Figure 6 shows the change in the fundamental frequency (pitch) as a function of time between the normal voice and the pathological voice. We notice an instability in the pitch curve, this is due to compensating the vocal cords with a resonator, which becomes the source of vibration.

Figure 6. Variations of the fundamental frequency:

(a) Pathological voice, (b) Reference voice

Figure 7. Average spectrum of narrowband over the same duration for the sound pressure in decibels as a function of frequency: (a) Normal reference voice. (b) Pathological voice

Figure 7 shows the comparison of the degree of air leakage between normal voice and speech after total laryngectomy. The value of the air escaped can be expressed by the HNR. The breath of the voice is considered a noise superimposed on the vocal signal (the new voice). Spectral analysis shows a well-defined line spectrum for a good quality normal voice signal and a massive continuous spectrum for a pathological voice signal, due to air leakage (Figure 7). The voice in this case is blown and the timbre is altered.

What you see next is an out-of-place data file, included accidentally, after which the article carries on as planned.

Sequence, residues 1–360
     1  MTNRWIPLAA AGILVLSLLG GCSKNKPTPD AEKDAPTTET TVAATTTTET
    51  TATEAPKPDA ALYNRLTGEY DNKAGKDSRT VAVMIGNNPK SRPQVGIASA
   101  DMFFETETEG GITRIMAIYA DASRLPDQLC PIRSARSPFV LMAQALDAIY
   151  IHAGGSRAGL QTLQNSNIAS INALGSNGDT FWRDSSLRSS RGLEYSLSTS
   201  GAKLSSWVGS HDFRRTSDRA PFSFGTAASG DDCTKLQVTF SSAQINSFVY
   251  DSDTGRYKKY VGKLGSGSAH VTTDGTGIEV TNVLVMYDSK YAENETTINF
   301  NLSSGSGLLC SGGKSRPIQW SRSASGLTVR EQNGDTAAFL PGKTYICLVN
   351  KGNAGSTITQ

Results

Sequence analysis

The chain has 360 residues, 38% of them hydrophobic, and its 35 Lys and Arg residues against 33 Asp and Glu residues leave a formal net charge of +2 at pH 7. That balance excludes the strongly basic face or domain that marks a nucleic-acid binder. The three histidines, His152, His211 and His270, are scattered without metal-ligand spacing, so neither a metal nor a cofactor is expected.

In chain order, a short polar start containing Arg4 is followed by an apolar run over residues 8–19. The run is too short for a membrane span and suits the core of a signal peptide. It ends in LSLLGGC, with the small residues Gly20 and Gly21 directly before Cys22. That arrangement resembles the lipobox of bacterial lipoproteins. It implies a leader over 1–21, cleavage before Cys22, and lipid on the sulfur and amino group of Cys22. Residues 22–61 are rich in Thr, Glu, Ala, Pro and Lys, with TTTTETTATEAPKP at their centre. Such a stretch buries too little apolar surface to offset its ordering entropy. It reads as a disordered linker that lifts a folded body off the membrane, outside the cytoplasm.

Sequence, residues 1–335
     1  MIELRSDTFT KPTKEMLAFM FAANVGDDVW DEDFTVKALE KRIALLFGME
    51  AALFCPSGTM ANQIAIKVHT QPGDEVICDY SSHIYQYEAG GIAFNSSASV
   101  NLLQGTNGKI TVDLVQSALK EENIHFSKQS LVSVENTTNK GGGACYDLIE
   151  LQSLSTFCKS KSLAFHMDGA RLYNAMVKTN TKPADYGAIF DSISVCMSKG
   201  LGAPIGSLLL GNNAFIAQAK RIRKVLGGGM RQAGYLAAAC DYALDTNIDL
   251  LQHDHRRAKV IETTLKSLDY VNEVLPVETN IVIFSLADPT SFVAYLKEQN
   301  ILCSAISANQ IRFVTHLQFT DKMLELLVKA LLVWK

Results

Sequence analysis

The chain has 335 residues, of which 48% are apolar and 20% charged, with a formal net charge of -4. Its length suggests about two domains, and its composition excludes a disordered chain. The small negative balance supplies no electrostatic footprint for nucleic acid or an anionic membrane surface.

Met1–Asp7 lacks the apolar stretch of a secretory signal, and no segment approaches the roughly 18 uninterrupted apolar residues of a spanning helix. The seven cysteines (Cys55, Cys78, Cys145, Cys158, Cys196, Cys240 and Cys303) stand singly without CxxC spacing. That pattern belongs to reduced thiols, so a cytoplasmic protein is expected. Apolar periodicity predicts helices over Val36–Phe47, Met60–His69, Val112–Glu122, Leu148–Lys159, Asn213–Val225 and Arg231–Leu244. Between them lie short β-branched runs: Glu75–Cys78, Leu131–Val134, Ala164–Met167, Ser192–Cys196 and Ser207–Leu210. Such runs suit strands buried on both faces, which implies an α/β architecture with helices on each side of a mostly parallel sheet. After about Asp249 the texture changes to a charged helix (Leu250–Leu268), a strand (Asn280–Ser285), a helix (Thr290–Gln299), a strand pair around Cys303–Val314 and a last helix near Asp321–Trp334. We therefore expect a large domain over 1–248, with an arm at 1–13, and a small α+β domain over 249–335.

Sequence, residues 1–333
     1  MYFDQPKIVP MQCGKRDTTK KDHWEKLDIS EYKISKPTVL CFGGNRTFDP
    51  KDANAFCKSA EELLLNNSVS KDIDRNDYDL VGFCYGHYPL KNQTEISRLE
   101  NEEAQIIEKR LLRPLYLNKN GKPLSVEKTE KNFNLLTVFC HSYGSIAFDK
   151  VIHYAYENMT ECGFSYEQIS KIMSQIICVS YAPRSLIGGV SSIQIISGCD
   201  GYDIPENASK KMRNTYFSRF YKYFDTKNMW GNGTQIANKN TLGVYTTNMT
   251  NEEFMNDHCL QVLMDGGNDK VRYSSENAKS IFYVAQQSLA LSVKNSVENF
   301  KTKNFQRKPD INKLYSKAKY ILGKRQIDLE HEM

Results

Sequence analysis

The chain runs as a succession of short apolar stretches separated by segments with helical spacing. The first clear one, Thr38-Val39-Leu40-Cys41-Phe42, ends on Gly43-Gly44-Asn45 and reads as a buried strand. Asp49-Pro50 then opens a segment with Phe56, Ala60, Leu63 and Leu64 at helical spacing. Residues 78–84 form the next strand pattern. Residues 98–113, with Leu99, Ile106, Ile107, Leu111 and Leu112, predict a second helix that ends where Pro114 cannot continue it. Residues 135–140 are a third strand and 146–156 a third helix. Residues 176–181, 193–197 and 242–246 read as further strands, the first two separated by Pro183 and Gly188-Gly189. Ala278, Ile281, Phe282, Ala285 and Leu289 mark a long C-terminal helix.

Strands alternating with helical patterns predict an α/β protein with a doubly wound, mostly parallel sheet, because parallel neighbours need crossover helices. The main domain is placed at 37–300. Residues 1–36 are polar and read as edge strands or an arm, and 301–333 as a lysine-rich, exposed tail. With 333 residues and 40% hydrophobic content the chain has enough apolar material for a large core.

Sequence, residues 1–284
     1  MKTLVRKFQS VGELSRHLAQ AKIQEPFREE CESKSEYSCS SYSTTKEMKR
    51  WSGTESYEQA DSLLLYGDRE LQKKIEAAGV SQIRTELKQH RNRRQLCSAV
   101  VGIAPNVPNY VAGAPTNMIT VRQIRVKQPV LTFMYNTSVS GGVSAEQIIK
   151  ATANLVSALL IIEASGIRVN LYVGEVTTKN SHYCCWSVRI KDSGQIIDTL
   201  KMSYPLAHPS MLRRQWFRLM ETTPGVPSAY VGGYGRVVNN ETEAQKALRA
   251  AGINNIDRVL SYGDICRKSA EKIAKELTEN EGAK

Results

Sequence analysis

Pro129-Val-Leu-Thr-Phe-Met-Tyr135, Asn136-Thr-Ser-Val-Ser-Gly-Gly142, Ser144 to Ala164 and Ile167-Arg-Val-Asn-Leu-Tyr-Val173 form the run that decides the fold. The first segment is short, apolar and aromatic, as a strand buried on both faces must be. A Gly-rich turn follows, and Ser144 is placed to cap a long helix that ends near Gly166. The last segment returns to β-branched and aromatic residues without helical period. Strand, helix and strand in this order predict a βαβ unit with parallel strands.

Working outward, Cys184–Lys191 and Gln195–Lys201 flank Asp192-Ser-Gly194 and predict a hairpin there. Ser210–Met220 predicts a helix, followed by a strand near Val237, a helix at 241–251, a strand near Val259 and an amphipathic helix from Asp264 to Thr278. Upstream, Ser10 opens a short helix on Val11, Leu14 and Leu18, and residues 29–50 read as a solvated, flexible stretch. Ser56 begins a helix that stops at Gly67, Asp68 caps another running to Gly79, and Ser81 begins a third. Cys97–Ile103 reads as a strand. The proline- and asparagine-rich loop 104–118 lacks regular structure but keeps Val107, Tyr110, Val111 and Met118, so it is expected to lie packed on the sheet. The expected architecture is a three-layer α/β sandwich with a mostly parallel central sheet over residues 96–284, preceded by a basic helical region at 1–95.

6. Discussions

The aim of this study was to evaluate the results of voice rehabilitation of the voice after total laryngectomy with an objective method, based on acoustic analysis. The aim is to clarify the contribution of this analysis on the therapeutic management of this type of pathology.

After a duration of therapy average of 9 months, we notice values of pitch a little weak and unstable compared to the normal state. The pitch value and the percentage of voicing DUV show that voicing acquired thanks to the neoglottis is noticeable but is still far from the normal voicing of vocal cords. The results for these two parameters can be explained by the shape, volume and elasticity of the neoglottis which is totally different from those of the vocal cords.

The measured values for the jitter show a constant evolution of this parameter towards the normal. This is explained by the improvement of the vibrational properties of the neoglottis, and it shows that the rehabilitation technique used gives significant results. This technique of reeducation is based on the esophageal speech which consists of storing air in the lower part of the esophagus (swallowing air) and then causing a voluntary eructation to give a semblance of voicing. The othophonist work on certain parameters such as: breath independence exercises, intensity, the sound regularity of all sylabes, repetition of words containing injecting phonemes, eructation, ... It remains nevertheless to make a more sustained effort towards the improvement of this parameter.